Elsewhere, Adam Marsh took a shot and lost a faceoff in the Saint John Sea Dogs' 4-3 OT loss to Charlottetown.
Marsh has had a good season, too, registering 23 goals, 19 assists and 42 points in 48 games, bettering last season. He'll remain in the Q;
And in the OHL, Vili Saarijarvi had an assist and 8 shots and finished at -3 in the Flint Firebirds' 8-2 loss to North Bay.
In his rookie season, Saarijarvi has registered 11 goals, 27 assists and 38 points over the course of 53 games played. Saarijarvi's future is uncertain after the Firebirds' coaching fiascoes (plural), but he's going to spend next year in the right place for him.
The Red Wings sit in the second Wild Card spot in the Eastern Conference after Sunday's frustrating 4-1 loss to the Chicago Blackhawks, and while Pavel Datsyuk's status as a late scratch with a flu-like illness didn't help the Wings' cause, the Wings had a day to rest and recuperate after Wednesday's loss, and then two days to prepare for Sunday's game.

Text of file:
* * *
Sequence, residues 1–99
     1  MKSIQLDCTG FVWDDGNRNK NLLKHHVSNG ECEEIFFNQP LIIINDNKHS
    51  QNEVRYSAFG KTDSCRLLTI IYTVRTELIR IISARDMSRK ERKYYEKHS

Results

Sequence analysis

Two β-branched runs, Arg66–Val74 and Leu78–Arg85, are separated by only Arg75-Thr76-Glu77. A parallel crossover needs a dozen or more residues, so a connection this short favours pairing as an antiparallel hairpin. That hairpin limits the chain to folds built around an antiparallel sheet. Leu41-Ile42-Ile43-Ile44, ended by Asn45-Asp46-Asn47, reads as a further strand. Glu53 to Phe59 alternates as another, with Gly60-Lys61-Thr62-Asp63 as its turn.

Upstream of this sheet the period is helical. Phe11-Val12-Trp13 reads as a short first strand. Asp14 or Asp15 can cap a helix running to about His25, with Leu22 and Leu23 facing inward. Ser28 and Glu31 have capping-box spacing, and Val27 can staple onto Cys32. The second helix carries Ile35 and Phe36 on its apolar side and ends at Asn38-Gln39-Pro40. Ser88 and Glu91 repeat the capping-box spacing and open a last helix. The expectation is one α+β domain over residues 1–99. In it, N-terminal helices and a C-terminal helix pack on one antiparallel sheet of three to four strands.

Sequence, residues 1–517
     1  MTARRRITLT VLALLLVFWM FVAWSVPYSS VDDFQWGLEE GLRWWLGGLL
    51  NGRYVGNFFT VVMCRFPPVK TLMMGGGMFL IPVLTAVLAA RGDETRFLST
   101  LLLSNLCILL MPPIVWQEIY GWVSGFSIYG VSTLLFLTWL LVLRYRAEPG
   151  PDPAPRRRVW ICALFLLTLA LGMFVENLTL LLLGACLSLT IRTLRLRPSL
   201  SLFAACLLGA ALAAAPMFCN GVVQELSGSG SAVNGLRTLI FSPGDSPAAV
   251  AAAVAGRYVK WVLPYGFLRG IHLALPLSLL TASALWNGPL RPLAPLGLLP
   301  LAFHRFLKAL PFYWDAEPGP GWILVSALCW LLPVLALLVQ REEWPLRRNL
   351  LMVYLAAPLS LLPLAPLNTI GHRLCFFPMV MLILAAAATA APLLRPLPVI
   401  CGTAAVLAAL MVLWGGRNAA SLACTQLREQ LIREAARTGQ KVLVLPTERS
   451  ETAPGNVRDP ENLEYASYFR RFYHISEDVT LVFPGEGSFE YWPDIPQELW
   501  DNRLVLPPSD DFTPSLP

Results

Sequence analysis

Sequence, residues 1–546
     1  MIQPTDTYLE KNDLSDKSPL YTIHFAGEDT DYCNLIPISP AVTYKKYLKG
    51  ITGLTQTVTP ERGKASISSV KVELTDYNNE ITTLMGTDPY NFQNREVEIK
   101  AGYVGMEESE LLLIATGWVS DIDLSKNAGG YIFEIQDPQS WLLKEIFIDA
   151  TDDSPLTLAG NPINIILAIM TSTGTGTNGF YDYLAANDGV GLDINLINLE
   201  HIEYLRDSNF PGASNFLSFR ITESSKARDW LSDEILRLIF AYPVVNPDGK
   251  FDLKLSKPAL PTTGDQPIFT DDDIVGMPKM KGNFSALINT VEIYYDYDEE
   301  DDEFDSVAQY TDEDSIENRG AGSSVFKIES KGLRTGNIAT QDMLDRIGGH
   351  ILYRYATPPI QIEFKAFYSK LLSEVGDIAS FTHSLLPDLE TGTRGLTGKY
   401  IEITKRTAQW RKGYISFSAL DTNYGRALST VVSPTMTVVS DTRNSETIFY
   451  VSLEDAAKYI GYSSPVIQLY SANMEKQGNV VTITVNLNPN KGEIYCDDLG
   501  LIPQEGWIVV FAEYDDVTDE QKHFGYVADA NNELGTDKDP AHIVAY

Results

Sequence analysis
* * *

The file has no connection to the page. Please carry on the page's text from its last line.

There is no reason whatsoever that the Wings should have surrendered the first goal all of 21 seconds in, and there is no reason whatsoever that the Wings should not have been able to convert three power plays into the game-tying goal as Detroit trailed Chicago 2-1 for the vast majority of the game--a game whose second and third periods included a 26-15 shot advantage for the visiting team.
Just as importantly, the Wings shouldn't have allowed Chicago to go 2-for-3 on the power play in two successive games, and it's with special teams play that we start our examination of the Blackhawks' perspective, via the Chicago Sun-Times' Mark Lazerus' recap: